A few weeks ago, I wrote a post about a book that drove me nuts: Little Lamb of Heaven. Since then, I went to ALA Midwinter, deliberately avoided picking up the new Lydia Millet book, and proceeded to accept a few new thrillers which were thrust upon me. I just finished listening to one of these, The Wife Between Us, by Greer Hendricks and Sarah Pekkanen. If you like thrillers, you might be interested in this one. Written from two perspectives, this book follows a broken, jilted woman, and a young woman who is engaged to marry her perfect fiance. As the story unfolds, it becomes clear that nothing is as the reader assumes.
For me, this book just confirms my sense that maybe I shouldn’t read any more thrillers. While it was much more engaging and fast-paced than Lydia Millet’s book, and it was a good one to listen to in the car, not all the plot twists surprised me. It also had so many twists that I eventually expected them. As with Little Lamb of Heaven, The Wife Between Us is “domestic suspense,” which seems to be code for abusive husband. Sorry, maybe that was a spoiler? Part of me is starting to think if you read thrillers often you should probably be expecting that. I can’t go into detail about the issues I had with this book without spoiling it, and since it was a decent book, I won’t do that. But I will talk about the issues of violence against female characters in thrillers and the way female thriller writers today are depicted.
Violence and Women in Thrillers
Happily, I am not alone in my distaste for this tendency in thrillers to feature violence toward women. The Staunch Book Prize was launched this year to award books “in the thriller genre in which no woman is beaten, stalked, sexually exploited, raped or murdered” (para. 1). The website’s “About” page states:
We launched the Staunch Book Prize because we felt that there’s just such an overload of violence towards women in fiction. When women in the real world are fighting sexual abuse and violence, or being murdered because they’re women, the casual and endless depiction of women as victims sits uneasily alongside their fight. (para. 2)
I’ve mentioned this award to a few people in conversation, and every one of them said something like, “There won’t be any thrillers to award by the time they’ve eliminated all the ones with violence toward women.” An entire genre exists in Western culture in which violence toward women is not only common, but expected. Doesn’t that say something twisted about our society?
In 2016 Emily St. John Mandel wrote an article about the preponderance of books with the word “girl” in the title. Aside from the sheer volume of them, Mandel’s most surprising finding was in relation to the fate of the main character of these books.
When Mandel looked at the author’s gender in relation to these stories, she found that men were much more likely to give the title’s “girl” a violent end. Mandel wrote that she wasn’t able to find a reason for this. Is the “girl” issue a problem with publishers, authors, or societal expectations? So far, I’ve discussed Mandel’s article in terms of violence toward women in these books, but a much larger issue might be the use of the term “girl” for primarily full-grown women. Women have been relabeled as girls, and perhaps as a consequence they become the victims of their own books.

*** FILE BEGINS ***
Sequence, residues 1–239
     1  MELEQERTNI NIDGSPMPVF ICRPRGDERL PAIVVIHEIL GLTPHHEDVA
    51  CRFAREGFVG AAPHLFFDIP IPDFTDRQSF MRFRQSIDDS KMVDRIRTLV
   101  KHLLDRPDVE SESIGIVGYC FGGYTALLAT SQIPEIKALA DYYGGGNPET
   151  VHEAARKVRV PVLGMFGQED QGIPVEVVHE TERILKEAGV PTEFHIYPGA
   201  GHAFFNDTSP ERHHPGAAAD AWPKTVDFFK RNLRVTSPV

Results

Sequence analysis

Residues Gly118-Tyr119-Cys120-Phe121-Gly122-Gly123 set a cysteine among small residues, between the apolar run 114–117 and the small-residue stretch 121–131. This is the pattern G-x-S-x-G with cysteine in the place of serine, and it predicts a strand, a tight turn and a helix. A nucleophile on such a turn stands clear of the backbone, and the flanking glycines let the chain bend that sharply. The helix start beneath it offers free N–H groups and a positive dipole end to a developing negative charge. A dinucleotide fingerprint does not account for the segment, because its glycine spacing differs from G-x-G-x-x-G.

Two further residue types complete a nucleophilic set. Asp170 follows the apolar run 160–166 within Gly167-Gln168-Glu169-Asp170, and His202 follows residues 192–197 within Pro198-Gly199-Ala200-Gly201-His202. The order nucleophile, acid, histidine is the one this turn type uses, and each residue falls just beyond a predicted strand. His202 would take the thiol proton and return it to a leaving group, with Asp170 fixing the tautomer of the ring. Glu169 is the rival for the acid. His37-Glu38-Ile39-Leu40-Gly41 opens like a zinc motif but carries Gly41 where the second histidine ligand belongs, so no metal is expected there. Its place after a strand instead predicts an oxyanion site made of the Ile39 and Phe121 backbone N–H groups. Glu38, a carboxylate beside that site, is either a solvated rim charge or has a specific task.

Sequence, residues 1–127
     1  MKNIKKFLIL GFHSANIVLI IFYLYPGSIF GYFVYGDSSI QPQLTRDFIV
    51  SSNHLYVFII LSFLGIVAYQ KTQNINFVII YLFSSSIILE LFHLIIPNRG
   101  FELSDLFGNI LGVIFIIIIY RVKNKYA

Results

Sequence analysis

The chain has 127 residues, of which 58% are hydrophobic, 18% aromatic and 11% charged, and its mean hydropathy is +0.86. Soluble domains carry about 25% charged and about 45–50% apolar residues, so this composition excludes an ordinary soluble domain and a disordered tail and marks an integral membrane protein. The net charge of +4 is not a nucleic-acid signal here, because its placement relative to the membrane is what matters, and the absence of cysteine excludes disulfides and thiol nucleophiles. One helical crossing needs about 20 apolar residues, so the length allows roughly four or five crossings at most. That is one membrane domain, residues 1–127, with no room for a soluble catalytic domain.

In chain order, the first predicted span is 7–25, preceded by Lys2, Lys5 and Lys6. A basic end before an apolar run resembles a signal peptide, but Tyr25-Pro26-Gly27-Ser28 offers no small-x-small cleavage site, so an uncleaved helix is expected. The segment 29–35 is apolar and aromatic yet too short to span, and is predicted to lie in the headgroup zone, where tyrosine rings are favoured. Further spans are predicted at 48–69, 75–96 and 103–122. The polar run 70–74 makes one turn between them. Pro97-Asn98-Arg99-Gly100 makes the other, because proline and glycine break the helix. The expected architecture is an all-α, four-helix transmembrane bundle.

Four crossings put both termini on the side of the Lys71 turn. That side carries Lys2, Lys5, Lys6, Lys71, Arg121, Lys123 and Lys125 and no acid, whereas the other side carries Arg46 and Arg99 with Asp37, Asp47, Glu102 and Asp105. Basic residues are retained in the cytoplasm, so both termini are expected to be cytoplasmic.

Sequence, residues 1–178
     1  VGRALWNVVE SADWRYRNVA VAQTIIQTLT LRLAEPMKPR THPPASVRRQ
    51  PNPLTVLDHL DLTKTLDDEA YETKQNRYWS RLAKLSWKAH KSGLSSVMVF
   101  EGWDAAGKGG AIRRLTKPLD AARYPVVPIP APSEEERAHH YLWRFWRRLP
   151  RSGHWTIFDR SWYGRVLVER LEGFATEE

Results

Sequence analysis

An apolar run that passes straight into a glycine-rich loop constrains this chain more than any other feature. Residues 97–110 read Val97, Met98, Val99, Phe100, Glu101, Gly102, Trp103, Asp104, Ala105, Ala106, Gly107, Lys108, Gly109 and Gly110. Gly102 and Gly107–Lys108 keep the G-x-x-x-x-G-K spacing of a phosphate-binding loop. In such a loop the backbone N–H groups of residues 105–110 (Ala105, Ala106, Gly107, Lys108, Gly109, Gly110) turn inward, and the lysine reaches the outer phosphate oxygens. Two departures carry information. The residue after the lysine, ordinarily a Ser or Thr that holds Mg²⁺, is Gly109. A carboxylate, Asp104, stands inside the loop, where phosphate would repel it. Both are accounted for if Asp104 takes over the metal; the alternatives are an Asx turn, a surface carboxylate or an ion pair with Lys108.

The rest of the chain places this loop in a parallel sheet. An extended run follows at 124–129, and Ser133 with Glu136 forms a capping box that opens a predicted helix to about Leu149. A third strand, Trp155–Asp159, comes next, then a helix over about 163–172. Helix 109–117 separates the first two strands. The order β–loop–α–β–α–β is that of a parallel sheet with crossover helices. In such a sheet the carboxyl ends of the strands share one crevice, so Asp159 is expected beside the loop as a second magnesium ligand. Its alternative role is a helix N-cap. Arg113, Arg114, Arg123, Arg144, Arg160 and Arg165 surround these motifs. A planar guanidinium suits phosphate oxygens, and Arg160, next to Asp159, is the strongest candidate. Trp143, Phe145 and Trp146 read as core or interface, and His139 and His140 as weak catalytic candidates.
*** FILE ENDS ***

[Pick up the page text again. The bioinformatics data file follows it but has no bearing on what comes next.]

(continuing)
Even women as crime writers get the short end of the stick sometimes. In a dismissive article written for The Atlantic, Terrence Rafferty wrote about the trend Gone Girl created, and how modern female writers are changing readers’ expectations for mysteries. He wrote:
Unlike Highsmith and Rendell, who preferred to ply their sinister craft in a dry, deadpan third person, writers of the current school tend to favor a volatile mixture of higher-pitched first-person tones: hectoring, accusatory, self-justifying, a little desperate. Reading these tricky 21st-century thrillers can be like scrolling through an especially heated comments thread on a Web site, or wandering unawares into a Twitter feud. Down these mean tweets a woman must go … (para. 11)
All right, Terrence. Somehow he comes to the conclusion, despite such statements, that women are writing the best crime fiction right now. When our expectations for mysteries and thrillers are so low, or when we disparage the efforts of women writers in the genre, we lose sight of the most important aspect of fiction. Fiction at its best can shine a light on our expectations as a society, and offer new perspectives. Particularly now, while we are more aware of gender issues, I would like to see more thrillers with strong women characters, who don’t have to be broken before society will listen to them.
Mandel, E. S. J. (2016, October 27). The gone girl with the dragon tattoo on the train. FiveThirtyEight. Retrieved from https://fivethirtyeight.com/features/the-gone-girl-with-the-dragon-tattoo-on-the-train/
Rafferty, T. (2016, July/August). Women are writing the best crime novels. The Atlantic. Retrieved from https://www.theatlantic.com/magazine/archive/2016/07/women-are-writing-the-best-crime-novels/485576/
Staunch Book Prize. (2018). About. Retrieved from http://staunchbookprize.com/about-2/